200 authors I would recommend (Part 1)

8f881f43035e3361e41fd1063c8f087cAt more than one point in my life, I spent my working days standing behind the counter of a murder mystery bookstore essentially recommending books to people — because I had read so damn many of them. I’ve been an omnivorous and reasonably indiscriminate reader now for decades, helped by a natural talent for speed-reading and a very good memory, and as a result there are very, very few mystery writers whose work has never crossed my path or about whom I don’t have some kind of opinion. I like all kinds of books, and all kinds of mysteries; when it comes right down to it, if it looks like a mystery I’ll usually give it an hour. I frequently get asked to recommend a good mystery and I’m happy to do so; sometimes I’ll recommend an average one, if I think it will appeal to a specific reader for a specific reason.

074bc0a398a016801d420210That being said, there’s a certain category of books that finds a place on my shelves and stays there, rather than getting cleared out in a once-a-decade fit of temper. I have met many people who are baffled that I can read a murder mystery more than once; but for me, there’s a certain kind of novel that I believe only reveals its secrets upon a second or third reading. Those are written by the authors whom I will track down everything they ever wrote and keep it, as best I can. And those are the authors whom I’ll recommend.

I decided to do a list of my own, Part 1 of which is below. I’ll try to annotate it for you, to give you a hint of my favourite books or even where to start. This can’t be a comprehensive list; in fact, its secret is that I went through the excellent website that lists mysteries and their authors, Stop, You’re Killing Me!, and skimmed through its 4,600 authors looking for names that struck a chord. I can’t say it’s every author I would ever recommend, and no doubt I will be horribly embarrassed to realize that I have missed one or two essential names. There are one or two names whom others find essential that I cannot recommend because they bore me or annoy me; I have not received much enjoyment from Ruth Rendell, for instance. But for Rendell’s work, I could even recommend one or two titles I’ve enjoyed (From Doon with Death, her first, was a breath of fresh air). The names here are authors for whom, by and large, I’m fairly confident that you will pick up a book of theirs at random and find something to enjoy.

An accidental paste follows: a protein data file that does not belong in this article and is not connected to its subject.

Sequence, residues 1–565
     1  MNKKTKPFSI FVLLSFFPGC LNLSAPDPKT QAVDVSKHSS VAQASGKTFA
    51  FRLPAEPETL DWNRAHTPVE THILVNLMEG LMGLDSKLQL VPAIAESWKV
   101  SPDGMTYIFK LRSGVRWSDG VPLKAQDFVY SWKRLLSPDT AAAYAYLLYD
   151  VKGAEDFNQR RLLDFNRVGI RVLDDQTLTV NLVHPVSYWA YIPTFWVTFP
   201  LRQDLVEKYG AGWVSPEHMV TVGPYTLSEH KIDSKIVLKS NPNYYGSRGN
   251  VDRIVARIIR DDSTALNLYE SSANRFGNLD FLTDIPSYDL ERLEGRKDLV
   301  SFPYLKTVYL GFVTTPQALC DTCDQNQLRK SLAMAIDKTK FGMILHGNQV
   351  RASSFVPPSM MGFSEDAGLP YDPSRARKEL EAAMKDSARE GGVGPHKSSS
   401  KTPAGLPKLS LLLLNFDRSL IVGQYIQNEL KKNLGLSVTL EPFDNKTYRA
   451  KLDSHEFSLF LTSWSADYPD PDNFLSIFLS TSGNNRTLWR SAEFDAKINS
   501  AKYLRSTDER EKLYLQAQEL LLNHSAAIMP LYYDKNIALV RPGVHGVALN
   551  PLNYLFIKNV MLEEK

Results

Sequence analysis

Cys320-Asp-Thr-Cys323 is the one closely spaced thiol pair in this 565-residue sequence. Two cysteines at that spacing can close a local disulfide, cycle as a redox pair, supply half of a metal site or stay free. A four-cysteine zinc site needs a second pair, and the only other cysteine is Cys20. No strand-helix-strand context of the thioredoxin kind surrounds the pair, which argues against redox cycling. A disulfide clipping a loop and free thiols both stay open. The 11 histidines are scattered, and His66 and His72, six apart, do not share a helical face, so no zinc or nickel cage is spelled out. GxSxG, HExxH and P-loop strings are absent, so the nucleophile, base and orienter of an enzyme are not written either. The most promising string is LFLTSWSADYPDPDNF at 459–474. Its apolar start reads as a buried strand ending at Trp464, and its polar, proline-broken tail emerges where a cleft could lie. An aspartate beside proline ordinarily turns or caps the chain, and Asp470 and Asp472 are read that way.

c10779This is a personal list; these are the authors that I like, not the ones I think you should read because they are significant. They appear to be skewed in a few directions by my personal experience; you’ll find a lot of gay mysteries, a lot of Canadian mysteries, and a bunch of my personal friends. Your mileage may vary. As always, your comments and polite disagreements are very welcome.  I’ve done the list of 200 names already and will post them in bunches as I find time.

You’ll find that if you click on the author’s name, it will take you to a list of his/her/their works.

  1. Abbot, Anthony
    The Thatcher Colt mysteries date back to the 1930s and were the source material for a couple of interesting old films. You may find these difficult to acquire but keep your eyes open, they’re worth it. Classic American detection with good writing and interesting plots. I liked About the Murder of the Nightclub Lady; About the Murder of the Clergyman’s Mistress is tough to find but very enjoyable.
  2. Aird, Catherine
    Modern British detective novels in the classic whodunit style, these mysteries have a gentle sense of humour, a knowing approach to human nature, and clever plots. The Complete Steel has a wonderful ending; The Religious Body is a gently clever puzzle mystery.
  3. Aldyne, Nathan
    he four novels in the Valentine and Clarisse series (Vermilion, Cobalt, Slate, and Canary) about a handsome gay bartender and his zany best girlfriend who solve mysteries in and around the gay community are uneven and occasionally silly, but they have an enormous amount of joie de vivre and will let the average reader know what the gay community was like in the halcyon period immediately before HIV.
  4. Ames, Delano
    The Dagobert and Jane novels from, essentially, the 1950s are pretty much screwball farce wrapped around clever mystery plots. Very good fun. I started with a good one, Corpse Diplomatique, which gave me the taste for them.
  5. Anderson, James
    I recommend the three Inspector Wilkins mysteries, which are lovely send-ups of the classic Golden Age mystery, starting with The Affair of the Bloodstained Egg Cosy; the novelizations of three of the episodes of Murder, She Wrote are actually readable.
  6. Aspler, Tony
    I’ve never met my fellow Canadian Mr. Aspler, but his three 90s mysteries about a Toronto wine journalist are amusing, very readable, and informative. Start with Blood Is Thicker Than Beaujolais.
  7. Bailey, H. C.
    The volumes about Dr. Reginald Fortune, mostly collections of short stories from the 1930s, are justly famous and worth your attention. Pretty much any volume with his name in the title is a good introduction. Bailey had an expert hand with the puzzle short story; the characterizations are sometimes flat but there are stories that will stay with you for a long time.